A local news agency paid a $101 fee to bail out a man's dog.
The man had adopted the dog from the Halifax Humane Society as a puppy, several months ago. It appears he does not have a fully fenced yard and/or the dog is kept outside - I'm not sure, that part was not clear. Regardless, the man had leashed the dog up outside when, at some point, the 8-mos-old neutered, microchipped dog got loose and was picked up by animal control.
They took the dog to the Halifax Humane Society, where he had been adopted months earlier.
here. You can also see the dog looks like a mutt, with no obvious predominant breed - I mean, really, American Pit Bull Terrier? I think not.
The shelter is claiming a new employee made a mistake and the dog wasn't going to be killed for being a pit bull but might have been killed because his owner could not afford a half-day $78 bail-out fee. They do not charge that much for the adoption fee. And through October, the adoption fee was $50. Interesting. By Monday, that fee had jumped to $101. That's a $33/day fee. For a neutered, owned, microchipped dog adopted from the same shelter with an owner desperately interested in trying to get the dog back.
Don't get me wrong - people need to be vigilant and responsible when it comes to properly supervising their animals. This puppy should not have had an opportunity to get loose and, yes, an appropriate fee should be collected to cover the cost of care for boarding and feeding the dog. Your basic kennel, the ones that provide a walk a day plus food, are generally $10-20/day in most places. Your basic humane society does not even walk the dog. Even worse is threatening to kill a dog because someone cannot pay the fee (and then intimating the dog wouldn't even be put up for adoption).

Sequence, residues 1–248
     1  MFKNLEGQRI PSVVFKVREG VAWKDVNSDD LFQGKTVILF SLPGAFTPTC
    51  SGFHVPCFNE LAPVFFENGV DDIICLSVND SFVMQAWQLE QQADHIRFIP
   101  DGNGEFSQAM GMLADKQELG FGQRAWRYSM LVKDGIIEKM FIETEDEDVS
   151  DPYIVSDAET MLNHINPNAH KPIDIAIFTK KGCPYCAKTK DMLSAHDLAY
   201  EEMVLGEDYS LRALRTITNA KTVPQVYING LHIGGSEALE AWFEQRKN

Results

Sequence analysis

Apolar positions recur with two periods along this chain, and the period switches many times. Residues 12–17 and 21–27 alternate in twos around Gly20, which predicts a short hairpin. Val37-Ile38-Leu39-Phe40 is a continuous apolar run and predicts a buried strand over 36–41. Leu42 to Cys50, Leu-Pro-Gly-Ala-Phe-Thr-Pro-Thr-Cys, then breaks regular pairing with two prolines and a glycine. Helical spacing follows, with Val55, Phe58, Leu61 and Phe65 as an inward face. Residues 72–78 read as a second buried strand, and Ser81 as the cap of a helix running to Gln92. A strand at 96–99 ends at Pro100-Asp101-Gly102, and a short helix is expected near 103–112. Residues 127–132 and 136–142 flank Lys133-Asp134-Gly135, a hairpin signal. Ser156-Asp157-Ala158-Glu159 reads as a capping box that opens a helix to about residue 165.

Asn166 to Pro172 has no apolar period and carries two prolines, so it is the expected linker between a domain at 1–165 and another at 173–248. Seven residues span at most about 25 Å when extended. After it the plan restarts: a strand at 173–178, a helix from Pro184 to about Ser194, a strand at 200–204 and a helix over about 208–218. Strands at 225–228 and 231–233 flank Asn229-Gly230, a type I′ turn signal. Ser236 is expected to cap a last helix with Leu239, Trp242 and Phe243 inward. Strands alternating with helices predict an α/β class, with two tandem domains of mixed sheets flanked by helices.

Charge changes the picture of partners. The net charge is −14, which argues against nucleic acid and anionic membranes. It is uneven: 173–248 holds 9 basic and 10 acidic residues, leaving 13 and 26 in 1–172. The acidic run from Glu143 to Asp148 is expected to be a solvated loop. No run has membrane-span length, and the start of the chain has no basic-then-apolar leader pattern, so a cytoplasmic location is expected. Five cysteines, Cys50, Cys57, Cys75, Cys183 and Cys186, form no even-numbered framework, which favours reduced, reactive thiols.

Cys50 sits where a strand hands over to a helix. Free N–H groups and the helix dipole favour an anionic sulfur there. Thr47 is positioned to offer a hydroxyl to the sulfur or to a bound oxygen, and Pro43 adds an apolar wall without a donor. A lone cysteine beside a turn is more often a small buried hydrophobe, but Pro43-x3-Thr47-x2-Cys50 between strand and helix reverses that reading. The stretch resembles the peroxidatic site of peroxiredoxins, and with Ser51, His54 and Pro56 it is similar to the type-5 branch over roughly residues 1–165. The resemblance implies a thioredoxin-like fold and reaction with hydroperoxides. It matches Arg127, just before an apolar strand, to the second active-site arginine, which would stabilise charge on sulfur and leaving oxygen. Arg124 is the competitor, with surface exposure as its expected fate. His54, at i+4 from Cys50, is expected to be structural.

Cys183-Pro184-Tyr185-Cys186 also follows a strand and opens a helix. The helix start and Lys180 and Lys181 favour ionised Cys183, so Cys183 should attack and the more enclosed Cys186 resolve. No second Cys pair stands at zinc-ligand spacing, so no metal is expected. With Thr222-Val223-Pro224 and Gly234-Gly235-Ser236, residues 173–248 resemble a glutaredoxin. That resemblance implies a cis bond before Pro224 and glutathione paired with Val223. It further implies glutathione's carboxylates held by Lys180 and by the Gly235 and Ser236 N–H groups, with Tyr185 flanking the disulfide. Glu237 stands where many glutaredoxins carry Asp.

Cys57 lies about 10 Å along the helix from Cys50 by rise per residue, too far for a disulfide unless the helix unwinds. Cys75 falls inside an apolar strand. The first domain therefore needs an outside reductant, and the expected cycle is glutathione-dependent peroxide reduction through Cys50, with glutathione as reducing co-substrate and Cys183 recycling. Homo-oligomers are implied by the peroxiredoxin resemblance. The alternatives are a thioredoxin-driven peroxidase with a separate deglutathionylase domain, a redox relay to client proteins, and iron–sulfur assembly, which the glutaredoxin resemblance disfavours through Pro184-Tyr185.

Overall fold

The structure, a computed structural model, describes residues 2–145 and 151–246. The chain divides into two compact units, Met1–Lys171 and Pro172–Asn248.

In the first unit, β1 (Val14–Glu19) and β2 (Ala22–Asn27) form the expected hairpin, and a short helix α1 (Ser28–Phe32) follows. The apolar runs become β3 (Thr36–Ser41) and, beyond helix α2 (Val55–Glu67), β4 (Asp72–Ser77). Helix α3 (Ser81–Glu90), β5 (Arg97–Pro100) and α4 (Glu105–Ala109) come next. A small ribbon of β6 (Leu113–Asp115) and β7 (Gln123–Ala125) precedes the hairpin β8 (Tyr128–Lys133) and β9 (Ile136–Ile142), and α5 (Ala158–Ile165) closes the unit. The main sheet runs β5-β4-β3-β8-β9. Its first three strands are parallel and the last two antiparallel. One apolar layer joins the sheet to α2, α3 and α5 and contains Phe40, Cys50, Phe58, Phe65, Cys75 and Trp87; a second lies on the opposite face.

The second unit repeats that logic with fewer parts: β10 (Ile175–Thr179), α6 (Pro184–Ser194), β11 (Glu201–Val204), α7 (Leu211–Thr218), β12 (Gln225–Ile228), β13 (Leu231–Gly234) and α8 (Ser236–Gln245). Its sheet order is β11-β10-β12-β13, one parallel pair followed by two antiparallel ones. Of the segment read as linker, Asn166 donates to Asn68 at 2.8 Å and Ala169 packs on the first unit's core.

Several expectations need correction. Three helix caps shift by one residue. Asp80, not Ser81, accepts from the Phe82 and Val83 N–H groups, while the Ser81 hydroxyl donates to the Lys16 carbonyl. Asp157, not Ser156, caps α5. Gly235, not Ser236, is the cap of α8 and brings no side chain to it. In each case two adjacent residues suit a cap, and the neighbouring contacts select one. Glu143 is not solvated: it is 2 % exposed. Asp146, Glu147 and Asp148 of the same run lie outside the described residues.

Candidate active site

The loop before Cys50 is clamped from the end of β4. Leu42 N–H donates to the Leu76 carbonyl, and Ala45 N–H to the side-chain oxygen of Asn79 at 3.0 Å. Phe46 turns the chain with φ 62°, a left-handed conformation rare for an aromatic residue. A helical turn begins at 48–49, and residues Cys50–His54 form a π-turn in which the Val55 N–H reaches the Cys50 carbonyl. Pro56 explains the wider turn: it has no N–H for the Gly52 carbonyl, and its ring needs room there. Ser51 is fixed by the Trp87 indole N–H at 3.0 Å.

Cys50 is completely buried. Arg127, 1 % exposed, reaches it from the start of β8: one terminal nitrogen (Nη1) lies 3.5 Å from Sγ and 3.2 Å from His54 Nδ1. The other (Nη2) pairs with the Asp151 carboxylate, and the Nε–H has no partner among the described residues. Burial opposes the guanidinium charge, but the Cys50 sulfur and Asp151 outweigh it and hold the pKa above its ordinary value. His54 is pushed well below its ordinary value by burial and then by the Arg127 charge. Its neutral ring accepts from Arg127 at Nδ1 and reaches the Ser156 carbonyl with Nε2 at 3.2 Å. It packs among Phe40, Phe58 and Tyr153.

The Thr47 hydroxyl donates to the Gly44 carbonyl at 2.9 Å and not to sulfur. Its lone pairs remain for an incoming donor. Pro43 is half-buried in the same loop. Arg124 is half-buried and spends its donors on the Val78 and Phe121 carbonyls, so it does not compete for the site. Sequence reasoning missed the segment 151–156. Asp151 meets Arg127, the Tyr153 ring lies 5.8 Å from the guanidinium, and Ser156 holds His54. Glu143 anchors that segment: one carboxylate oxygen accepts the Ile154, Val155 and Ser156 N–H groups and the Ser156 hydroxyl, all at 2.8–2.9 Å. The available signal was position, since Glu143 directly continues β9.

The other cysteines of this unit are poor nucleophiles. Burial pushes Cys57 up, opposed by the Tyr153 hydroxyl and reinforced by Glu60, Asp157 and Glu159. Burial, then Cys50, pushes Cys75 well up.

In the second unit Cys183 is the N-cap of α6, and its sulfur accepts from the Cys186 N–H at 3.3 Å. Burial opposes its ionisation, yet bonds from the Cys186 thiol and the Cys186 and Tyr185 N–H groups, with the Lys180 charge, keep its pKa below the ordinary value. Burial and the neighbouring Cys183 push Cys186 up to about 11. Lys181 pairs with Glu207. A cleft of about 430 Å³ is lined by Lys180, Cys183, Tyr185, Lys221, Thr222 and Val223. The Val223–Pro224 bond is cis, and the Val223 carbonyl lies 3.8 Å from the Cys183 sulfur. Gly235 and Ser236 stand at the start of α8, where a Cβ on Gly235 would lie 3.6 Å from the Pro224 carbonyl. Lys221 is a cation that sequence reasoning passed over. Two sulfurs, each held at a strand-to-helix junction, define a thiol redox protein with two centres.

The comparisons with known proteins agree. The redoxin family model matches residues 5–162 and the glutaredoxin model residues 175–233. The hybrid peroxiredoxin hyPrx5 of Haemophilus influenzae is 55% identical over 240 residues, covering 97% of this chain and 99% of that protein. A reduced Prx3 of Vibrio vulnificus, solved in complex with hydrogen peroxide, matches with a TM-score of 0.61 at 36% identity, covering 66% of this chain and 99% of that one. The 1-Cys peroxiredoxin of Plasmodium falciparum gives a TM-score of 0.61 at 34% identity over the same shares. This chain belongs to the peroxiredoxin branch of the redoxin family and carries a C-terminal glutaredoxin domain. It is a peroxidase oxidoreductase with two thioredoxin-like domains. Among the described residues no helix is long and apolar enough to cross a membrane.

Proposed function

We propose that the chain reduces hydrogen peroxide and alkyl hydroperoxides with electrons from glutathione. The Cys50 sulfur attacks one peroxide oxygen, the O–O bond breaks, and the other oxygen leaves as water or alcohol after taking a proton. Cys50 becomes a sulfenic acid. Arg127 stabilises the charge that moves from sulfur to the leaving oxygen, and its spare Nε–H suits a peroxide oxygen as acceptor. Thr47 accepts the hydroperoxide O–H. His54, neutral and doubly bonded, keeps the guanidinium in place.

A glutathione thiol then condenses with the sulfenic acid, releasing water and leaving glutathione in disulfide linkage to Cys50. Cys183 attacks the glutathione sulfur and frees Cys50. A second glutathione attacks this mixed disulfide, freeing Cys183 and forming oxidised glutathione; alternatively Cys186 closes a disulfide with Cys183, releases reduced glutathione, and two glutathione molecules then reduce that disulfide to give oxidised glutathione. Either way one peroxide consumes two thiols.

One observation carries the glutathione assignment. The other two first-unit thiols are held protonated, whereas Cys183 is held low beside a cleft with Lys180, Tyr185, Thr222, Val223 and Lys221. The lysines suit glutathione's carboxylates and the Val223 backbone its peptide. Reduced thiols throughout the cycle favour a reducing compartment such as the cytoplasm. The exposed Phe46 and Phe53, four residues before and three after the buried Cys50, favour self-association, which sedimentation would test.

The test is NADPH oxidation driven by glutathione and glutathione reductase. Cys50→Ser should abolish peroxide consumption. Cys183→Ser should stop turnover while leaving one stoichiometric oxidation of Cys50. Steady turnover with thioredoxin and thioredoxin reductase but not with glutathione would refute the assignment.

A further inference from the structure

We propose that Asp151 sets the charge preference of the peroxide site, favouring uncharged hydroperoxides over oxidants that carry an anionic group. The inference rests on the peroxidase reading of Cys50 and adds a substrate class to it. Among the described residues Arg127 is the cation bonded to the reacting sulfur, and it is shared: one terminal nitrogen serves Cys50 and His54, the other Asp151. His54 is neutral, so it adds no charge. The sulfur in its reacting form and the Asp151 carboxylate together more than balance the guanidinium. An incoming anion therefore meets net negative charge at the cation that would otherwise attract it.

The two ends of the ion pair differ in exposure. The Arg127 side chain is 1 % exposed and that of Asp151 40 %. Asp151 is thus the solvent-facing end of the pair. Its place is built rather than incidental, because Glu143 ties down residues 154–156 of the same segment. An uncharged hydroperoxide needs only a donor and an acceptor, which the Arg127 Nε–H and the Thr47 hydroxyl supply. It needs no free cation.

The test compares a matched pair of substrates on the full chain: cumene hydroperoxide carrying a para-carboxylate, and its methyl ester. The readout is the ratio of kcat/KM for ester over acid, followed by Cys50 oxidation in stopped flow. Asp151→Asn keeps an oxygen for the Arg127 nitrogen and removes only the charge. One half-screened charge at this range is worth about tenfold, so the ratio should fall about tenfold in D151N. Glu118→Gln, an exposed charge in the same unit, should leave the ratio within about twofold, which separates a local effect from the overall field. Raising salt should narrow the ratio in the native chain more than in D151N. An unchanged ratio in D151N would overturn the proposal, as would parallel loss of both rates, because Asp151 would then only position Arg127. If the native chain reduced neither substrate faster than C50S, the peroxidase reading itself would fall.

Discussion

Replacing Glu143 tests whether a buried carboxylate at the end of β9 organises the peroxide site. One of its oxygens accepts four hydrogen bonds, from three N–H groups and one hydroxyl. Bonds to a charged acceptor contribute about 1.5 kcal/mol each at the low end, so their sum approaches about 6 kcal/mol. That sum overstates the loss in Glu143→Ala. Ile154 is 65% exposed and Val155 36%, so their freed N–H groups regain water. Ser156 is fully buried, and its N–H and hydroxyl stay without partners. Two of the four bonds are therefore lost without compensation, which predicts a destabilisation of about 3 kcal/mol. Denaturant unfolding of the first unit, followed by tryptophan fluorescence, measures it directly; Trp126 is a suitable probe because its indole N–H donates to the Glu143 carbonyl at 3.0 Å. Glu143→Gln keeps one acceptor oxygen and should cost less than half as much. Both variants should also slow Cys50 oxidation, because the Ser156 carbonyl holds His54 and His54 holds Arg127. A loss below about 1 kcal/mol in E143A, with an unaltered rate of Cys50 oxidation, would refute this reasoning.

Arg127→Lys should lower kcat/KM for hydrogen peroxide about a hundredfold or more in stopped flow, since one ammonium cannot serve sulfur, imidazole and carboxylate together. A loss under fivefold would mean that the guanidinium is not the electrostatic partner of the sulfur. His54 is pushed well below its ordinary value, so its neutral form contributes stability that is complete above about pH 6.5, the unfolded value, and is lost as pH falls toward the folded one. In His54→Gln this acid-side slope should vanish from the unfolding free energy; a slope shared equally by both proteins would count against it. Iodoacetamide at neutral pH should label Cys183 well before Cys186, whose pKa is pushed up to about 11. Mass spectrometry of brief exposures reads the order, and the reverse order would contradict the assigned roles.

People make mistakes, some worse than others. The goal of any humane society should be to a) adopt out animals b) reduce population of unwanted animals in community and c) keep animals in homes (less homes that are egregiously unqualified). And when presented with a person who clearly loves his dog and has the dog's best interest at heart, all reasonable efforts should be made to reunite the dog with his guardian/owner. This man may not be Gold Star Stellar nor will he win Guardian of the Year. But he loves his dog. And my guess is his behavior will change with this experience and he will no longer feed his dog on a rusty leash outside, in an unfenced area. If he does not, then it is reasonable and fair that he relinquish rights to his dog.